The mouth has an extensive blood supply. Cutting or lasering procedures can cause blood loss and possible hemorrhaging.
Any open wound is vulnerable to bacteria entering, which creates a risk of infection.
Finally, the lip tie might not have been the problem and revision will not fix whatever was causing difficulties.
Which healthcare professional can fix a lip tie?
If you’re considering oral surgery for your baby or toddler, first seek the support of an IBCLC and ENT specialist, to assess whether or not a revision is the best option for your child.
It’s also important to consult with a pediatric surgeon to discuss any oral surgery. Your regular pediatric dentist might not have the training or experience to work with your baby.
Some GPs are also known to perform tongue tie and lip tie release.
The health professional you’re considering should have experience with newborn and older babies, toddlers, and older children.
The most important thing is to do your research and be as informed as possible before making your decision.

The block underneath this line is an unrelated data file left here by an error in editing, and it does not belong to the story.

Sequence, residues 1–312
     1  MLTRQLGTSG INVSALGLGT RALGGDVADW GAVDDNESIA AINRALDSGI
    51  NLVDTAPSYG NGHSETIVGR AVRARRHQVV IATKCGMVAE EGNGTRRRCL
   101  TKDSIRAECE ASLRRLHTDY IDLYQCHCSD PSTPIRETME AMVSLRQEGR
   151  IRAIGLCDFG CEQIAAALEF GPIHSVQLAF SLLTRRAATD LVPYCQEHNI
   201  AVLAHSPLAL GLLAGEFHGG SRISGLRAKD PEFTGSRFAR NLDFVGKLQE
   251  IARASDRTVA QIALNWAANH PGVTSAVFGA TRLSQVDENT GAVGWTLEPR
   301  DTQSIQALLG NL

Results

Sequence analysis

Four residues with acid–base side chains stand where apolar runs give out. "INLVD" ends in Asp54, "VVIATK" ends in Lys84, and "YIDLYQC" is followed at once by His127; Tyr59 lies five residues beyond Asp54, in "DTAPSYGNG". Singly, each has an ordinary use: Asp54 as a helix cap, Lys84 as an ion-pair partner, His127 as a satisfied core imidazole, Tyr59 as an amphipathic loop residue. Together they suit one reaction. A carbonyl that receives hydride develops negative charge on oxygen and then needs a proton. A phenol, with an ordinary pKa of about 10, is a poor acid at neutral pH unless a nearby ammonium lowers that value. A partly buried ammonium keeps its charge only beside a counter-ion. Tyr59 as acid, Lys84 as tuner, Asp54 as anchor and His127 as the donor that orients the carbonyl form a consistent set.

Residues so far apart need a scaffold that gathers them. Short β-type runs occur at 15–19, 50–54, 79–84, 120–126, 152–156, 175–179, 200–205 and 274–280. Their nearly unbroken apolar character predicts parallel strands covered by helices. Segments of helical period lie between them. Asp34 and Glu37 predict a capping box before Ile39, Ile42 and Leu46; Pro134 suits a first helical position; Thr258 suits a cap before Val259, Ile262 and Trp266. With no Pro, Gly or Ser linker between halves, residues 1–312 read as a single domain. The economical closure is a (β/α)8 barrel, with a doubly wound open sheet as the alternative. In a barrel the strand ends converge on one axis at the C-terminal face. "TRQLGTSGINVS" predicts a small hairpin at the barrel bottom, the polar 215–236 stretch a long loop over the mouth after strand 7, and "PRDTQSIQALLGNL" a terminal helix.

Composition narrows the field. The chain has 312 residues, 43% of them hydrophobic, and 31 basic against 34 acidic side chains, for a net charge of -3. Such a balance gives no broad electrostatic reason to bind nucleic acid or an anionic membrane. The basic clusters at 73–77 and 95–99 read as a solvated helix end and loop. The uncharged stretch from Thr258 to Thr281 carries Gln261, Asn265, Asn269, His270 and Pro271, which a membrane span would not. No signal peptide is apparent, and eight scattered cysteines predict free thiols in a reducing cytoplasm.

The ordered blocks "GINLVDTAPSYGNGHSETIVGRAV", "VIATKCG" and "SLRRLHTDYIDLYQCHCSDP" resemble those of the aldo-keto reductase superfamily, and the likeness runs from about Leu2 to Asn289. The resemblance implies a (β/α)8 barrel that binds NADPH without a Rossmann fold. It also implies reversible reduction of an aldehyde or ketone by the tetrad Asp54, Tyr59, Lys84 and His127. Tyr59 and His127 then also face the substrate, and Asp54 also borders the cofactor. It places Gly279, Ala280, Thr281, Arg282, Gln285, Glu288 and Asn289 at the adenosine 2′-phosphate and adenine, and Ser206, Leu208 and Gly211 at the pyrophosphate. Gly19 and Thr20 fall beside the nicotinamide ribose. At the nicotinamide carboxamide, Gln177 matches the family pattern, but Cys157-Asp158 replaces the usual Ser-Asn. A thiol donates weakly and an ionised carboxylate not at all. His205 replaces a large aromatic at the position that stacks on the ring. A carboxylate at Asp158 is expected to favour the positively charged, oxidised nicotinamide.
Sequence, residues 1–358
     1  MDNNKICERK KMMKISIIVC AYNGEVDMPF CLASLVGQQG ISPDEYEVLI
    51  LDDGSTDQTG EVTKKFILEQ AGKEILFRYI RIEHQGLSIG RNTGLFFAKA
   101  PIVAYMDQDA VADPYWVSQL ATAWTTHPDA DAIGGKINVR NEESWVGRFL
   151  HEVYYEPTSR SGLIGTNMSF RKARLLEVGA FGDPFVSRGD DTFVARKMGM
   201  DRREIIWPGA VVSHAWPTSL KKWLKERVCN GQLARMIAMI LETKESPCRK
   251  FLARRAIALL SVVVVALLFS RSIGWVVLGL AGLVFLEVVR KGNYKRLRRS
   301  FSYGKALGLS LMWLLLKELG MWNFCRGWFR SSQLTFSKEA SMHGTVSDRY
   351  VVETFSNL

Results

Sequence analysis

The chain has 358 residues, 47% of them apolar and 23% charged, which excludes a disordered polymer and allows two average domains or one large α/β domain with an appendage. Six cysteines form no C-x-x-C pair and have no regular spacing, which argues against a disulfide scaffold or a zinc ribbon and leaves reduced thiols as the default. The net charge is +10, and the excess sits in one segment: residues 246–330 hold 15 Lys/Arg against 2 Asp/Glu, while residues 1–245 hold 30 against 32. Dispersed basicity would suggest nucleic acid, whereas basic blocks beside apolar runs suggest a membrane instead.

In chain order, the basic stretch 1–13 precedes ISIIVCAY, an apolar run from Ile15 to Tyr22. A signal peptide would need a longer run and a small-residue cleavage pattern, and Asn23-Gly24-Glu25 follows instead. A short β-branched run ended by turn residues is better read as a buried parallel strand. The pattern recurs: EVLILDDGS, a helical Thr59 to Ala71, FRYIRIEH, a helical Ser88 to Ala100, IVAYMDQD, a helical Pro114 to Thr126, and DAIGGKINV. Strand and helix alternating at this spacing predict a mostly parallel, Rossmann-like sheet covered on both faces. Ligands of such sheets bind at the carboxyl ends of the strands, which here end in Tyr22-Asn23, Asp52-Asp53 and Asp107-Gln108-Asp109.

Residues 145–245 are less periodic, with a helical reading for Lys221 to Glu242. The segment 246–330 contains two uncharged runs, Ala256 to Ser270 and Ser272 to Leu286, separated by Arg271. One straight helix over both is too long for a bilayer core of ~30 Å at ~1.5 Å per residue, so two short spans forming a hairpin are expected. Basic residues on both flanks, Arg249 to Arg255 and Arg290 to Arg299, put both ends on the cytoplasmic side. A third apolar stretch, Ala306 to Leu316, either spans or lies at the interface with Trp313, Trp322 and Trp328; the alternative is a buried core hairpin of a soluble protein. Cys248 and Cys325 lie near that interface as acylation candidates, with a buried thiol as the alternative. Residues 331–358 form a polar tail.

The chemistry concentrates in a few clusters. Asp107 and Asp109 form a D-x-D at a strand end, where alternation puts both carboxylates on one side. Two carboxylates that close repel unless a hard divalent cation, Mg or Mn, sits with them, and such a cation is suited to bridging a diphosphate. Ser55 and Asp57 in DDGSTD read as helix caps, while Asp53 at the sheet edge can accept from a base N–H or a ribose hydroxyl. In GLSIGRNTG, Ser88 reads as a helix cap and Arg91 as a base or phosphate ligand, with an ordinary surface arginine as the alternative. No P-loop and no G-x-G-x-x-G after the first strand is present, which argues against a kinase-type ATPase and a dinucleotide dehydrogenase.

How much does lip tie surgery cost?
The range of costs for oral surgery is very broad and depends on each specialized practice.
Generally, the cost of surgery ranges from AUD$110-$1000. It can also depend on the type of treatment. Laser treatment tends to be much more costly than using scissors or a scalpel.
Some places might offer Medicare rebates. If you have private health insurance you can contact the provider to find out if your level of cover includes oral surgery for your baby.
What happens after lip tie release?
The type of aftercare treatment recommended will depend on where you have the procedure done.
Often, therapy techniques, such as stretches, are suggested to make sure the piece of released tissue doesn’t re-attach after the surgery.
Can babies successfully breastfeed with a lip tie?
Frenulums are normal. They give stability to the upper lip, lower lip, and tongue in the mouth.
Labial frenulums are normal. Many breastfed babies nurse successfully with varying degrees of lip tissue to gum line insertions.
Breastfeeding difficulties are caused by many things.
When a breastfeeding baby is well attached, it’s hard to see the top lip, let alone the bottom lip, which is usually buried in the underside of the breast. If the top lip tissue is causing a functional problem, it can be considered a lip tie.
Breastfeeding latch depends a lot on the individual anatomies of both mother and baby.
There are other treatments to solve breastfeeding problems. A lactation consultant can help with adjusting position and attachment.